„Race the roaring Fraser to the sea.“

Northwest Passage (1981)

Última atualização 22 de Maio de 2020. História
Stan Rogers photo
Stan Rogers9
Folk singer 1949 - 1983

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Homér photo

„Along the shore of the loud-roaring sea.“

—  Homér, Iliad

I. 34.
Iliad (c. 750 BC)
Original: (el) Παρὰ θῖνα πολυφλοίσβοιο θαλάσσης.

Yann Martel photo
Mary Howitt photo

„The wild sea roars and lashes the granite cliffs below,
And round the misty islets the loud strong tempests blow.“

—  Mary Howitt English poet, and author 1799 - 1888

The Sea-Fowler, reported in Bartlett's Familiar Quotations, 10th ed. (1919).

John Gay photo
Francis Turner Palgrave photo
Robert Burns photo
George Gordon Byron photo
William Hazlitt photo
Joseph Goebbels photo

„At night I sit in my chamber and read the Bible. Far in the distance roars the sea. Then I lie down and think for a long time about the calm and pale man from Nazareth.“

—  Joseph Goebbels Nazi politician and Propaganda Minister 1897 - 1945

Abends sitze ich auf meinem Zimmer und lese die Bibel. In der Ferne braust das Meer. Dann liege ich noch lange wach und denke an den stillen, bleichen Mann von Nazareth.
Michael: a German fate in diary notes (1926)

Jim Morrison photo

„At first flash of Eden, We race down to the sea.
Standing there on Freedom's shore.
Waiting for the sun…“

—  Jim Morrison lead singer of The Doors 1943 - 1971

"Waiting for the Sun" on the album Morrison Hotel (1970)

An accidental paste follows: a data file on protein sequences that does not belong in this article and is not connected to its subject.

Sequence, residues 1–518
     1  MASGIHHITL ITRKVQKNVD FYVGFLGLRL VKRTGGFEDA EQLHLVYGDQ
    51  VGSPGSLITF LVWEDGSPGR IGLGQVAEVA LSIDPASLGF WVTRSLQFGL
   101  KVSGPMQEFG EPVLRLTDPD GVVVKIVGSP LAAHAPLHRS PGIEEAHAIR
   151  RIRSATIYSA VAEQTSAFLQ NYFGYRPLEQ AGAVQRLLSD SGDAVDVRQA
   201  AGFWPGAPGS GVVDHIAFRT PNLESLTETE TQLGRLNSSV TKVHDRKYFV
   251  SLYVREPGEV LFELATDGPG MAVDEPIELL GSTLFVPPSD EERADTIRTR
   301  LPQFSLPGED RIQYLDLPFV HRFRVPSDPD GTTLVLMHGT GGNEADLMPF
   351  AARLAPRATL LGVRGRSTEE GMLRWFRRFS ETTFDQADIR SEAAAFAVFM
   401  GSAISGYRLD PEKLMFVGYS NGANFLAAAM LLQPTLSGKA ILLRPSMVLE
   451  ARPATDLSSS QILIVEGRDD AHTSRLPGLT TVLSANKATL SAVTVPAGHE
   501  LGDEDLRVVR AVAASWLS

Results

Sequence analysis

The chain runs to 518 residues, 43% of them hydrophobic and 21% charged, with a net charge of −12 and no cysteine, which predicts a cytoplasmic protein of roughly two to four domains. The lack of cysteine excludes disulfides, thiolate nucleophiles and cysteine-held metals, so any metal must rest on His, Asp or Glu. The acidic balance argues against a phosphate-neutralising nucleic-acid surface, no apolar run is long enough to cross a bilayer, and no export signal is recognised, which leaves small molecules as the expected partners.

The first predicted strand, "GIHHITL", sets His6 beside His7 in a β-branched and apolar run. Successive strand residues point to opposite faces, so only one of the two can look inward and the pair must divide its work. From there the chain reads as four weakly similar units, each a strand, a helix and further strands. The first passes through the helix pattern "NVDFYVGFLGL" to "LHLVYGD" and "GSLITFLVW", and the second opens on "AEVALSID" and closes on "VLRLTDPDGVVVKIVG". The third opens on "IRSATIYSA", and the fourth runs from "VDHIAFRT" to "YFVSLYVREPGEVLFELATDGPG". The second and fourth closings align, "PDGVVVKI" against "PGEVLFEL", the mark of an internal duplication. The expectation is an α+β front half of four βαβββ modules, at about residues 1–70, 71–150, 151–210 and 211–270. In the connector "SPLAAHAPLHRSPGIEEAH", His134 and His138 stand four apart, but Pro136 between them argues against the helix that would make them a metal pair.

Gustave Courbet photo
Alfred, Lord Tennyson photo
Statius photo

„For what cause, youthful Sleep, kindest of gods, or what error have I deserved, alas to lack your boon? All cattle are mute and birds and beasts, and the nodding tree-tops feign weary slumbers, and the raging rivers abate their roar; the ruffling of the waves subsides, the sea is still, leaning against the shore.“

—  Statius, Silvae

iv, line 1
Silvae, Book V
Original: (la) Crimine quo merui, juvenis placidissime divum,
quove errore miser, donis ut solus egerem,
Somne, tuis? tacet omne pecus volucresque feraeque
et simulant fessos curvata cacumina somnos,
nec trucibus fluviis idem sonus; occidit horror
aequoris, et terris maria adclinata quiescunt.

Henry Timrod photo

„p>Throw thy bold banner to the breeze!
Front with thy ranks the threatening seas
Like thine own proud armorial trees,
Carolina! Fling down thy gauntlet to the Huns,
And roar the challenge from thy guns;
Then leave the future to thy sons,
Carolina!</p“

—  Henry Timrod Poet from the American South 1828 - 1867

"Carolina", st. VII, 2–3
An adaptation of this poem , edited by G.R. Goodwin and set to music by Anne Curtis Burgess, was adopted as the official state song of Carolina in 1911.

Matthew Arnold photo
Matthew Arnold photo